Now it came to pass in those days that a decree went out
from Caesar Augustus that all the world should be enrolled. (Luke
THE Gospel reading for midnight mass gives us a Christmas
parable about the sinister aspects of collecting data. The Emperor
Augustus, who initiates the census, was hailed in the Roman world
as "chief priest", "saviour", "Son of God", and "bringer of peace",
but Luke's infancy narrative clearly, if subtly, contrasts the
overweening, bureaucratic type of power represented by Caesar with
that of Jesus Christ, born in a manger in Bethlehem. Moreover, even
in Luke's Gospel there is a clear connection between collecting
data and wielding economic power. In the ancient world, the purpose
of taxation was not to raise money which could then be
redistributed for beneficial purposes, but rather to extract
tribute from subservient people.
More than 2000 years later, data collection is again supreme. In
21st-century Britain, children's educational progress and
attainment are assessed by a hyper-statistical approach which, for
all the rhetoric about "inclusion", presages a reductive view of
the human person.
It implies that each child is not so much a unique and
God-imaging reality, to be cherished and respected for his or her
own sake, but rather as a set of performance data and, ultimately,
a cog in the economic wheel.
Similarly, in the Church of England in recent years, we have
seen an increasing number of projects that adopt a data-driven
approach. A prominent example has been the British Religion in
Numbers project associated with Professor Linda Woodhead, and her
surveys on the part played by religion in public life, recently
featured in the Church Times (Comment, 31
Equally high-profile has been the report From Anecdote to
Evidence, based on the findings from the Church Growth
In my own diocese, the success of our current diocesan
initiative is to be assessed by a succession of "key metrics", such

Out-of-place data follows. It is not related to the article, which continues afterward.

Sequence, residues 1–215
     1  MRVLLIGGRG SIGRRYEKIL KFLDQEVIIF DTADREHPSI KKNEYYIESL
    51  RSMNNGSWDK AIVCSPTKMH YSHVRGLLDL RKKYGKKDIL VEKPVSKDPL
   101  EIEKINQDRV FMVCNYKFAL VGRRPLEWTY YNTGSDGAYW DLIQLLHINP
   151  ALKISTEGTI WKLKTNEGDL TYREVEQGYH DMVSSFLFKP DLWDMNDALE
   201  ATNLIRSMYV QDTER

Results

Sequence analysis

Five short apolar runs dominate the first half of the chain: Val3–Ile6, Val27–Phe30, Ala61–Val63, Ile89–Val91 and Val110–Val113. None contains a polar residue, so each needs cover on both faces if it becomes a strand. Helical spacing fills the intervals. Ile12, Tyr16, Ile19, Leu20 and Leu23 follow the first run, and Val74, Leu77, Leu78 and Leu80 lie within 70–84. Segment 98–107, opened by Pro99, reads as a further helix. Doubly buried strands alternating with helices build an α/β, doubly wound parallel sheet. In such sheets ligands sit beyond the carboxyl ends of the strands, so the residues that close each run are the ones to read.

as the numbers of "ambassadors for Christ" and new worshipping
communities that the diocese can produce.
Elsewhere, two bishops, clearly rattled by the statistics, have
commented on the need for radical change. One of them has
apparently suggested that the appropriate response to declining
numbers in his parish churches might be a reduction in the number
of times they celebrate the eucharist.
THE Church of England should surely be very wary of colluding
with the prevailing managerialist delusion of contemporary Western
society: that any important information can be expressed in a set
of numbers; and, concomitant to this, that pressure can then be put
on individual men and women to drive those numbers upwards.
Statistical data may tell us how people behave, how they perform,
and what their opinions are at a particular moment; but, for all
their promise of focus and precision, statistics offer, at best, an
extremely blunt instrument for analysing the very subtle things
that should be our particular concern.
These include the mysterious workings of the human heart, the
depth and reality of our contemplation of God, and the unseen
workings of grace in the lives of individuals and communities.
Moreover, reliance on statistical data tends towards quick
fixes, often dressed up as strategies, initiatives, and
interventions. What is actually needed may be precisely the
opposite: a slower-burning and more painstaking engagement with the
scriptures, the Christian tradition, and the reality of life in
For example, while a reduction in the number of occasions on
which the eucharist is celebrated may be the obvious solution, if
the data tells us that fewer people are attending, it may not
actually be the best solution. Perhaps we should rather try to
deepen the way in which it is celebrated, or help people (including
ourselves) to enter into it with a new heart and a new spirit. We
might even want to increase the number of celebrations - as the
Wesleys did, before their own revival of the Church.
THERE are particular dangers for clergy in the hyper-statistical
approach, when the focus of our work changes from doing, faithfully
and joyfully, those things that we are called to do, and becomes
instead meeting targets, data, and outcomes. Such a focus tends to
foster a nervous competitiveness between fellow workers in the
It may also breed an insidious form of clericalism, as we come
to view members of our congregations not as fellow pilgrims and
members of the body of Christ, but as customers, or statistics on a
Data collection is usually linked to economics, and it is all
too easy for the Church unwittingly to default to the ways of the
capitalist economy rather than witness to the Gospel's more hopeful
account of what it means to be a human person.
THE Gospels present Jesus as a lover of anecdotes - however much
we may wish he had adopted a more evidence-based praxis. The
parable of the sower (Mark 4.3-9) appears to advocate the most
hopelessly- targeted mission strategy imaginable. Careless of
projected outcomes, a sower cheerfully and liberally scatters seed
around the place, even in areas where it is highly unlikely ever to
And yet grow it does: thirty-, sixty-, and a hundred-fold.
The Revd Dr Edward Dowler is Vicar of St John and St Luke,
Clay Hill, in the diocese of London, and Director of Continuing
Ministerial Education in the Edmonton Episcopal Area.